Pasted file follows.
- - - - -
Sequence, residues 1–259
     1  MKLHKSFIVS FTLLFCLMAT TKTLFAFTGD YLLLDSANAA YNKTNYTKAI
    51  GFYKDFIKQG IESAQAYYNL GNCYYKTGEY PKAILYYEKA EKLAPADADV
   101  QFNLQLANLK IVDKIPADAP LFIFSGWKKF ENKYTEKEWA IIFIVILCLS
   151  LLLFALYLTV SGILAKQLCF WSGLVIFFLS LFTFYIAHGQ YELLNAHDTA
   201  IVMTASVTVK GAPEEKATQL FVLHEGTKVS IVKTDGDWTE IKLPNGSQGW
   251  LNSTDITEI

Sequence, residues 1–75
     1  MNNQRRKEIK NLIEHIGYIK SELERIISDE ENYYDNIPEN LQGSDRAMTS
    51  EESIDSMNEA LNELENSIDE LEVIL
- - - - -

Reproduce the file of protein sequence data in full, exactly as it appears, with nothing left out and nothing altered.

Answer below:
Sequence, residues 1–259
     1  MKLHKSFIVS FTLLFCLMAT TKTLFAFTGD YLLLDSANAA YNKTNYTKAI
    51  GFYKDFIKQG IESAQAYYNL GNCYYKTGEY PKAILYYEKA EKLAPADADV
   101  QFNLQLANLK IVDKIPADAP LFIFSGWKKF ENKYTEKEWA IIFIVILCLS
   151  LLLFALYLTV SGILAKQLCF WSGLVIFFLS LFTFYIAHGQ YELLNAHDTA
   201  IVMTASVTVK GAPEEKATQL FVLHEGTKVS IVKTDGDWTE IKLPNGSQGW
   251  LNSTDITEI

Sequence, residues 1–75
     1  MNNQRRKEIK NLIEHIGYIK SELERIISDE ENYYDNIPEN LQGSDRAMTS
    51  EESIDSMNEA LNELENSIDE LEVIL